Gold’s ‘Cold Blooded’ Gain Shows Virus-Induced Rush Into Havens
A worker lifts a bullion bar made from gold. (Photographer: Andrey Rudakov/Bloomberg)

Gold’s ‘Cold Blooded’ Gain Shows Virus-Induced Rush Into Havens

(Bloomberg) -- Investors are rushing to the safety of gold amid a selloff in U.S. stocks on mounting concerns the coronavirus outbreak will derail global growth.

Gold jumped as much as 2%, extending its climb to a seven-year high, as the S&P 500 Index headed for its first weekly loss since January. In a sign that the virus is starting to dent the world’s largest economy, business activity in the U.S. shrank in February for the first time since 2013 with the pandemic disrupting supply chains.

“The persistent, cold-blooded and measured shift in gold higher, despite the U.S. dollar, is telling,” Nicky Shiels, a metals strategist at Bank of Nova Scotia, said in emailed message. “The breakout is warranted and has legs.”

Gold’s ‘Cold Blooded’ Gain Shows Virus-Induced Rush Into Havens

Gold futures for April delivery rose 1.7% to settle at $1,648.80 an ounce at 1:30 p.m. on the Comex in New York, the highest closing price for a most-active contract since mid-February 2013. The metal notched a 3.9% gain this week, the biggest increase since June. The rush to haven assets also sent Treasury yields tumbling.

“Gold is in the midst of its perfect storm,” said Ole Hansen, head of commodity strategy at Saxo Bank A/S.

Prices of bullion in euros and Australian and Canadian dollars climbed to records. Holdings in gold-backed exchange traded funds climbed for 22 straight sessions through Thursday, the longest ever run, according to data compiled by Bloomberg. And the amount of call options traded in a single day spiked to the highest ever in records dating to 1996, according to preliminary data.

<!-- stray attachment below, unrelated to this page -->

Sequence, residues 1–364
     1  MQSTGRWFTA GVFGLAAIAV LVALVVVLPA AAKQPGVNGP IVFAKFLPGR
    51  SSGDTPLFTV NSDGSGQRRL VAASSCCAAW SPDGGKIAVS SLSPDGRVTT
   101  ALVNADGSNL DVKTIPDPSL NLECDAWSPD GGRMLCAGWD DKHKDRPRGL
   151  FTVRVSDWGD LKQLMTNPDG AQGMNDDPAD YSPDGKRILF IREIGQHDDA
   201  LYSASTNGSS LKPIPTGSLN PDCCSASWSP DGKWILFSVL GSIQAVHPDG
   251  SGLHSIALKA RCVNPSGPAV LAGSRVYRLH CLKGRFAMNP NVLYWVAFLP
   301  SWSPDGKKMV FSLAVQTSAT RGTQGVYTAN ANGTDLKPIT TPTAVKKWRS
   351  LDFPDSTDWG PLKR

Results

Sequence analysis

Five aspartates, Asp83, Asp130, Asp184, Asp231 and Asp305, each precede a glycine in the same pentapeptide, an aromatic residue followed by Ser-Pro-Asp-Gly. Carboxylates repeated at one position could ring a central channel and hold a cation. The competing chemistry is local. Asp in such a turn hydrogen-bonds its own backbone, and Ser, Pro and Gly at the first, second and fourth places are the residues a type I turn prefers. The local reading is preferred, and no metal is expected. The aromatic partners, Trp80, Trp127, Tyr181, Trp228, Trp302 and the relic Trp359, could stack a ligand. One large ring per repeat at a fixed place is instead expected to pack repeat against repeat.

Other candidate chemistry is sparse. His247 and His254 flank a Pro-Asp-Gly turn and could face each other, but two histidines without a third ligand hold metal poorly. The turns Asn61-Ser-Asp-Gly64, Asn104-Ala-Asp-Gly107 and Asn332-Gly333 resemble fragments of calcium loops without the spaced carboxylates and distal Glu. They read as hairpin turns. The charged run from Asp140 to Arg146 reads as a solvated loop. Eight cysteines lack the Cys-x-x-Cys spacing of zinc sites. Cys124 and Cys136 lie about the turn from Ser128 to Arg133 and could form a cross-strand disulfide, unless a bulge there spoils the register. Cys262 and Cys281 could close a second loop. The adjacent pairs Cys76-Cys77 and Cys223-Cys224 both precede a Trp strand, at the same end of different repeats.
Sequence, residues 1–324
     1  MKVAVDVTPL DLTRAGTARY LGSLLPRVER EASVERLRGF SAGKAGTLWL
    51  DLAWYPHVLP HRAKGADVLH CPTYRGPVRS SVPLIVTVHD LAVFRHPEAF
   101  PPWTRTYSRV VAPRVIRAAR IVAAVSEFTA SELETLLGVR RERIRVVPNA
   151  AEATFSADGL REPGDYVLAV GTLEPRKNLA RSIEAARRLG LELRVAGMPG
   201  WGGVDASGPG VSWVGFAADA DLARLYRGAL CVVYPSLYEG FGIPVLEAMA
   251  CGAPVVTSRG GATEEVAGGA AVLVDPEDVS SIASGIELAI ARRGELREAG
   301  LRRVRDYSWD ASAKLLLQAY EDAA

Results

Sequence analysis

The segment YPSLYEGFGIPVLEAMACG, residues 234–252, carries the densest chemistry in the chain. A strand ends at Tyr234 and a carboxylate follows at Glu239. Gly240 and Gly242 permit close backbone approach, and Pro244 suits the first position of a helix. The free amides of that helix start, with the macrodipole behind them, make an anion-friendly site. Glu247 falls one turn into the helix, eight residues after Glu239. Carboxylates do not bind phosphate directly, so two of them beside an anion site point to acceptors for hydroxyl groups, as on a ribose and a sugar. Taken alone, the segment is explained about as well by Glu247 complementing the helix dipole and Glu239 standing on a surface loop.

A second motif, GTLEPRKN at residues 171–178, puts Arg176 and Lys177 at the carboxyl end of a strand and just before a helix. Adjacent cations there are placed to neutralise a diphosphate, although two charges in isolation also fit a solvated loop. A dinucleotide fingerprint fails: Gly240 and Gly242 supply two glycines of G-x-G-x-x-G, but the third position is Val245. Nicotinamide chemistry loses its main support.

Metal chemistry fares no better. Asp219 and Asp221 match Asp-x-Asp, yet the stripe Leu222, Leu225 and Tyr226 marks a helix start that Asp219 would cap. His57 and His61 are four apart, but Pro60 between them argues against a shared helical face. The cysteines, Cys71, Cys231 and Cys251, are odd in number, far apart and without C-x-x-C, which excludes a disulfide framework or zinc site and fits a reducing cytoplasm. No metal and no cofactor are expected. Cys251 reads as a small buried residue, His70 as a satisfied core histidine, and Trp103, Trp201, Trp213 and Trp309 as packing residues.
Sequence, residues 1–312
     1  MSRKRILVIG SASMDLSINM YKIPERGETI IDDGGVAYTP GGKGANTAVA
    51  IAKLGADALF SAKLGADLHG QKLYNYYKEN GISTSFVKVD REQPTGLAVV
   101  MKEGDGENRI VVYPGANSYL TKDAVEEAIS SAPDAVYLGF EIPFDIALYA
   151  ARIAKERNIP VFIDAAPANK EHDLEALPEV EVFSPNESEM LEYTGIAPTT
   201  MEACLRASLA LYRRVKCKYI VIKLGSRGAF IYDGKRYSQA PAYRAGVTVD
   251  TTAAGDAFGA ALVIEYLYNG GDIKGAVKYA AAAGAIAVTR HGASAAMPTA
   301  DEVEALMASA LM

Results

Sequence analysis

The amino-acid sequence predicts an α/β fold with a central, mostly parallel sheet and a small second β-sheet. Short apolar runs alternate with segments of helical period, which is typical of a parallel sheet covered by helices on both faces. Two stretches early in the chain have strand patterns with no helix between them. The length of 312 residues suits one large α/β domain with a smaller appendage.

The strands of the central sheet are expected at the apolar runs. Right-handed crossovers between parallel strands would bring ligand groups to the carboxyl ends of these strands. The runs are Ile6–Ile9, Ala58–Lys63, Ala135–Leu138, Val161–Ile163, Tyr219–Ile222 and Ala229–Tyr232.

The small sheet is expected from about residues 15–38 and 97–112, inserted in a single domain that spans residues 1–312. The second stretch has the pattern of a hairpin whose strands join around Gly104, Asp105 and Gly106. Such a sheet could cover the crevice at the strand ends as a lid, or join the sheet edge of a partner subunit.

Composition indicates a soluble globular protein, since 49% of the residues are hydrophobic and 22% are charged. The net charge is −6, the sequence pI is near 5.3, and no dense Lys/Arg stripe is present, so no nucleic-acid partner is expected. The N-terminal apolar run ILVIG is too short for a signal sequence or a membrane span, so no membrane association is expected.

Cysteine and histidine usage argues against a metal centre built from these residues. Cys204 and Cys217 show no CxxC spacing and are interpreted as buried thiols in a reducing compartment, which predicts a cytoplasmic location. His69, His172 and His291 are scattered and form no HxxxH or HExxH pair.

This stretch of inflows “certainly gives an indication about concerns around the global economy,” Andrew Jamieson, global head of ETF product at Citigroup Inc. in London, said in an interview with Bloomberg TV.

Gold’s ‘Cold Blooded’ Gain Shows Virus-Induced Rush Into Havens

The outbreak has worsened outside of China, with cases in South Korea climbing past 200, while tallies for Singapore and Japan topped 85. A jump in coronavirus cases in Iran is also raising concern. Chinese authorities adjusted the number of cases for the third time this month, raising more questions over the reliability of the data.

In more than half of the world’s 20 biggest economies, analysts now expect looser budgets this year — in other words, bigger deficits or smaller surpluses — than they did six months ago, according to a Bloomberg survey of economist forecasts.

The Commonwealth Bank of Australia expects the Federal Reserve to ease twice in the second half of the year as the virus threatens the global economy.

Still, lower U.S. yields and weaker equities could push gold prices further toward $1,750 an ounce even if the coronavirus is contained during the first quarter, according to Goldman Sachs Group Inc.

If the outbreak stretches beyond that, “we see substantially more upside from here -- toward $1,850 an ounce, depending on the magnitude of the global monetary policy response,” the bank said in a note Friday.

Silver futures also climbed on the Comex. On the New York Mercantile Exchange, palladium futures rose while platinum futures declined.

©2020 Bloomberg L.P.

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